Rush-job plagiarism

Author Salman Rushdie isn't able to muster much in the way of sympathy for 19-year old Harvard student Kaavya Viswanathan, author of How Opal Mehta Got Kissed, Got Wild and Got a Life, who faces allegations of significant patches of plagiarism in her now-withdrawn first novel.

Viswanathan's publisher, Little, Brown & Co., now says it will not reissue a corrected version of Opal Mehta and has dropped plans to publish her second novel.

Passages similar to those from several previously published books have been identified, including those from Rushdie's Haroun and the Sea of Stories. The Indian author is calling Viswanathan "a victim of her own ambition." He told CNN-IBN News:

You know, I haven't seen the book, I've seen the passages that were compared between the two books. I must say I don't accept the idea that this could have been accidentally or innocently done. The passages are too many and the similarities are too extensive. And I'm sorry that this young girl, pushed by the needs of a publishing machine and, no doubt, by her own ambition should have fallen into this trap so early in her career. I hope she can recover from it.

Rushdie does seem to be piling on a bit here (note bene: "piling on" is not just an American football metaphor, the idea applies to rugby as well); Viswanathan has been scorched by criticism from publishers, literary critics, authors and academics since the allegations surfaced.

I have a bit more sympathy for Viswanathan; admittedly she hasn't helped herself to my words or phrases, but if she had, I hope I would display a bit more compassion. (If I were Rushdie and concerned about my literary reputation, I would be more distressed about how my high-brow prose could be transplanted into a light-weight novel like Ophal Mehta than about the mere act of piracy.)

Let's not forget that the young woman in question is 19 years old. If you look at the comparative passages in question, there is the overwhelming sense of a just-get-by rush job. In fact, some of the coverage suggested that Viswanathan faced considerable deadline pressure to get the manuscript of Ophal Mehta finished.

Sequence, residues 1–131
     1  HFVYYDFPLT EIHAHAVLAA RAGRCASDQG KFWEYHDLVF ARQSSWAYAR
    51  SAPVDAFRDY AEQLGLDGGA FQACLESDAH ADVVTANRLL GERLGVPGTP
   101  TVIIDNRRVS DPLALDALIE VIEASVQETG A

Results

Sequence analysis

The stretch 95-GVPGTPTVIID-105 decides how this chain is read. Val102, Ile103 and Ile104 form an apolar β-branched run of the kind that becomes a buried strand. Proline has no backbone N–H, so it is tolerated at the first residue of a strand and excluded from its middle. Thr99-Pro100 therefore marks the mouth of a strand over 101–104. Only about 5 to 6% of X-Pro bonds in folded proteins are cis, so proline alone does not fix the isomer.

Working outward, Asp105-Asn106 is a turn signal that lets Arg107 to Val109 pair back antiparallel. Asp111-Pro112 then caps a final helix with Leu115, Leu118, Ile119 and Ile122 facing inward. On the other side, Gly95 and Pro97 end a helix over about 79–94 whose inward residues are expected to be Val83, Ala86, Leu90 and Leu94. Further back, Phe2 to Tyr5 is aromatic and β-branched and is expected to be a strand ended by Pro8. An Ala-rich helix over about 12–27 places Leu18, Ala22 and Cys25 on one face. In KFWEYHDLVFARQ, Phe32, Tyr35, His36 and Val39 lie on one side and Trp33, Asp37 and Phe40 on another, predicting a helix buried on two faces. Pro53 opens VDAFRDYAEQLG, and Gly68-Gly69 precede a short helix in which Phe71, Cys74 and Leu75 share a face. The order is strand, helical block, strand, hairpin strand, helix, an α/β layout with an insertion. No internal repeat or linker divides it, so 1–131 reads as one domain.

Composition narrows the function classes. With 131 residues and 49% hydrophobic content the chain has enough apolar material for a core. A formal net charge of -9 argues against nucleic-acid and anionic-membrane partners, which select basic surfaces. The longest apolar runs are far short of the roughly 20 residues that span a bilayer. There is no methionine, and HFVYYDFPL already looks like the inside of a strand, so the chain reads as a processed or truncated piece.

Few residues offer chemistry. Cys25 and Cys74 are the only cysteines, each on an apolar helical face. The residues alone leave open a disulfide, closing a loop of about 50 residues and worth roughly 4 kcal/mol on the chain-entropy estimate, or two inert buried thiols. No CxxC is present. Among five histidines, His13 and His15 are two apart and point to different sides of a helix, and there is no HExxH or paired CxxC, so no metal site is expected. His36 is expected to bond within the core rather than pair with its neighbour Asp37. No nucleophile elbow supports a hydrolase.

The mental picture I get is of a desperate college freshman at 2 AM with an overdue term paper, cobbling together an essay from three or four sources, books open on the desk, Internet sources being cut and pasted into the paper. Finally there is a frantic last-minute bungled attempt to avoid plagiarism by moving around phrases and chopping long sentences into shorter ones.

(As an aside, I've been told by college students that today's clever late-night plagiarists don't borrow from respected sources because they are too easy to spot when professors use the new plagiarism software like "Turnitin." Instead, these plagiarists lift from other student's work, or borrow from the Internet and deliberately introduce grammatical or spelling errors in the material that they steal. This didn't make a lot of sense to me until it was explained that these copyists just wanted to get a passing grade, they weren't shooting for an "A." Quality writing, it seems, might attract attention.)

Yes, Viswanathan should have known better. Yes, Little & Brown was correct in withdrawing the book. But if Viswanathan hadn't received a huge advance and if she wasn't young and photogenic and a Harvard student, and if her book had not made the New York Times bestseller list, the episode would already be forgotten by now. There certainly would be a lot less obvious pleasure displayed at her downfall, as there has been more than enough "gotcha" and schadenfreude to go around.

There's another factor at play here. Viswanathan has not, and will not, get the benefit of the doubt on this matter–as a first-time novelist she has yet to prove herself. Her explanations and excuses have sounded like those of a, well, a college sophomore facing plagiarism charges. In contrast, prominent historians Doris Kearns Goodwin and Stephen Ambrose survived plagiarism scandals largely on the basis of their reputations. Viswanathan's obscurity has made her particularly vulnerable.

Many writers will tell you that they occasionally worry about mirroring the prose of another. Slate's David Plotz, in a great piece on the subject, "The Plagiarist," expanded on this fear:

Writers are uncertain about plagiarism because none of us are certain that we are innocent. I frequently imitate the style of writers I admire. I surely have recycled snappy phrases I've read. I can't tell you what they are, but I bet they're out there. I have a fear—which I suspect is shared by most writers— that somewhere, in something I wrote, I may have even stolen a sentence. I don't remember doing it. I would never do it intentionally. But could I swear that it never happened? No. This is—to steal a phrase—our anxiety of influence.

There is a world of difference, clearly, between "recycling snappy phrases" and the sort of close mimicking of passages that critics of Viswanathan point to. Nonetheless, Plotz's piece does remind us that there are only so many words in the English language and that we all are prone to retain phrases, sentences and stylistic touches somewhere in our memories. If so, some of this stuff could end up on paper.

I remain confident, however, that I could never stand accused of plagiarizing any phrase employing the word "snappy." That's a word I hope to always put in quotes (along with "perky," "chick-lit," and other such dismayingly "snappy" additions to common usage.)


Copyright © 2006 Jefferson Flanders
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